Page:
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‘Sugar turns bitter’ — clarification

Rajshree Pathy, President of the Indian Sugar Mills Association, writes:

This refers to your report “Sugar turns bitter on eve of elections” (The Hindu, March 5).

The report carries certain incorrect statements. Sugarcane output is quoted to decline to 170 lakh tonnes this year against 263 lakh tonnes last year.

This figure pertains to sugar output and not sugarcane output. Further, the government has imposed no ban on sugar exports since last September. It has only discontinued the subsidy for exports and reintroduced release order similar to sale of sugar in domestic market.

Much of the criticism over steep increase in sugar prices compared to last year would appear manifestly misplaced. Pressured under extreme glut, sugar realisation then was far below the cost of production.

In fact, the government had to find innovative ways to fund the industry through a combination of loan and subsidies so that farmer realised his cane dues. Hence sugar prices during 2007-08 do not and cannot constitute a normative base. Viewed over a medium term, current realisation would only mark 6-8% annualised increase over 2005-06 in tune with inflation.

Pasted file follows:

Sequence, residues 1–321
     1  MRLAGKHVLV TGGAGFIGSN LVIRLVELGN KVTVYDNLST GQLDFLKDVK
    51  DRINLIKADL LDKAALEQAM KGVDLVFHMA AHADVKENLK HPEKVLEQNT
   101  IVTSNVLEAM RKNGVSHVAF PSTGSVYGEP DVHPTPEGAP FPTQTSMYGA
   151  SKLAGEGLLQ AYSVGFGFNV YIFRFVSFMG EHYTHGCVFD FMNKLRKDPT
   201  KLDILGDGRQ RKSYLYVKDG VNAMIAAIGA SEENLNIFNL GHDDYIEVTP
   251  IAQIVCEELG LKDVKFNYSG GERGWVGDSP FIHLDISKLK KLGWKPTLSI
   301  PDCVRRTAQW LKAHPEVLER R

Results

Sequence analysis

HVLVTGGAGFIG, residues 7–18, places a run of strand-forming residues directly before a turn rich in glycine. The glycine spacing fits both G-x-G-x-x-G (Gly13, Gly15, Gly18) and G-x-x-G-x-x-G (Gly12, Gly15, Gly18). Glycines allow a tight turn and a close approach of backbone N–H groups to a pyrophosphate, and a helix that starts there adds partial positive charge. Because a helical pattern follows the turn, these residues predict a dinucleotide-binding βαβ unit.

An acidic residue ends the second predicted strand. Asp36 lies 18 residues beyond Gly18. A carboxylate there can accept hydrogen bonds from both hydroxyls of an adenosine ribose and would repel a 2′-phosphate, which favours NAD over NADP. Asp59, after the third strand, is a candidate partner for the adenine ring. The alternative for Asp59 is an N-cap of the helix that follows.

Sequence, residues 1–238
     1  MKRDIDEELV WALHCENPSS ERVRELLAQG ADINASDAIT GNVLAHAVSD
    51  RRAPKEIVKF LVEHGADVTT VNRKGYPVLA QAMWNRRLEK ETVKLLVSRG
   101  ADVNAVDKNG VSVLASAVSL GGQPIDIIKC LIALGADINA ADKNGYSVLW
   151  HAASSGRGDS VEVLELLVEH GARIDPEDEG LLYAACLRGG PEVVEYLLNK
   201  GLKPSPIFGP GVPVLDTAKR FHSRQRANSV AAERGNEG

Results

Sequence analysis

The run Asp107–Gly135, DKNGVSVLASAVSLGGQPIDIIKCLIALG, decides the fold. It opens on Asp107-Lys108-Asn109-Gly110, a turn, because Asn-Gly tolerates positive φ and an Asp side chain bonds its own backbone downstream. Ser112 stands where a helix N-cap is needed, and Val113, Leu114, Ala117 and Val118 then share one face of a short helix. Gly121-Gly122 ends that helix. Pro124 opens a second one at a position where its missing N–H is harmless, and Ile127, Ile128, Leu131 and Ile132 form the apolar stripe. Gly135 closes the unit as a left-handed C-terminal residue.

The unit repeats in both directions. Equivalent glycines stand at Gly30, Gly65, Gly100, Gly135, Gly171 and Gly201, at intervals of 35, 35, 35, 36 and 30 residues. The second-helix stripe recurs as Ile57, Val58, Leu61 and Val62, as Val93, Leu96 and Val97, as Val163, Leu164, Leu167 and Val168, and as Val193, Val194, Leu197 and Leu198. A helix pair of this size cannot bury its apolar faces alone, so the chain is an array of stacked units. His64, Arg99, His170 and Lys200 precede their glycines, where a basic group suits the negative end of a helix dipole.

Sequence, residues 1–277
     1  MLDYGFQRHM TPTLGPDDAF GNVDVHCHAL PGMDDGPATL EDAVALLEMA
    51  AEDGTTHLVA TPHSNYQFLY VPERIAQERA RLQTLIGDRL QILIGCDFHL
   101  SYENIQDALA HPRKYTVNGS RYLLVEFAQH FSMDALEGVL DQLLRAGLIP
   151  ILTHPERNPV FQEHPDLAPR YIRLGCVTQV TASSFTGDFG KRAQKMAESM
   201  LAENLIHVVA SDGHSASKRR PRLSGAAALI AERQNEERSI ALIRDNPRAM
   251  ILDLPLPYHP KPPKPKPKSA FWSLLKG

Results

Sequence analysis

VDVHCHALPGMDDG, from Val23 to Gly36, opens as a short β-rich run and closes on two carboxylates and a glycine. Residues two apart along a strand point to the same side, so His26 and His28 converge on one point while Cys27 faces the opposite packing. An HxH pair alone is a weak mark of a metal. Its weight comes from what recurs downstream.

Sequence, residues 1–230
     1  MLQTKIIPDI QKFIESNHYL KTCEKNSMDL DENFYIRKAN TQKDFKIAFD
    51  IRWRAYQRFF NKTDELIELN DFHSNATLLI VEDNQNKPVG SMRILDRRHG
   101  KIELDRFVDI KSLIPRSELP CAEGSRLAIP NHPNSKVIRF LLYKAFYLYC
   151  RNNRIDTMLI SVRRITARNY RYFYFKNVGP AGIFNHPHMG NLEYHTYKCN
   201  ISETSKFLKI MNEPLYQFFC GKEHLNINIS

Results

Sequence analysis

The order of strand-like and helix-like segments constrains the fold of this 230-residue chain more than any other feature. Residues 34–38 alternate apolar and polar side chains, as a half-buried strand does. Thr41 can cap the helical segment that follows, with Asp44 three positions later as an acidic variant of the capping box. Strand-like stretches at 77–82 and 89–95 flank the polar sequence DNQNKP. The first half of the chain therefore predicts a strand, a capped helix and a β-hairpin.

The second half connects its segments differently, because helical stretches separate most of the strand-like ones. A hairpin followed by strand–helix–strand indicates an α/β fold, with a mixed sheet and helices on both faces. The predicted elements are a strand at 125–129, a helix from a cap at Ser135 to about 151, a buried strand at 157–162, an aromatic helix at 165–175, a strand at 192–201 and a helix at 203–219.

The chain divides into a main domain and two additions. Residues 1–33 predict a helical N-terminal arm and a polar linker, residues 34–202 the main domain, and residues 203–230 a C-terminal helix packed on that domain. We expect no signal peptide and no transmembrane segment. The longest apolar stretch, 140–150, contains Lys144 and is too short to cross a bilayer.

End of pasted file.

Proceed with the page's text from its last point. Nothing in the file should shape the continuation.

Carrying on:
The report clearly asserts the high retail prices for other agro products. At a time the farmer is lured by lucrative prices of competing crops, including hefty hike in minimum support prices announced by the Central and State governments, it is imperative for sugar mills to offer comparable higher price for sugarcane. This doubtless warrants corresponding level of sugar prices.

Further, a large chunk (67%) of sugar produced in the country is consumed by FMCG [Fast Moving Consumer Goods] segment. The industry is forced to subsidise consumption of the poor through the PDS by offering 10% of its production as levy sugar at prices far below its cost of production.

Hence there is little justification to complain or crib over market-driven prices when the poor and needy are fully taken care of through PDS.

India being the largest sugar consuming nation can ill-afford to continually look for imports to bridge its deficit. Dependence on large scale imports would trigger global sugar prices to dizzy heights and bring greater prejudice to domestic consumer.

The need of the hour hence is to reckon with realistic sugar prices so that sugar industry is empowered to offer remunerative cane prices and in turn quickly scale up domestic production to regain demand-supply equilibrium.

This alone can be the sure-shot and least-cost remedy in the long run.

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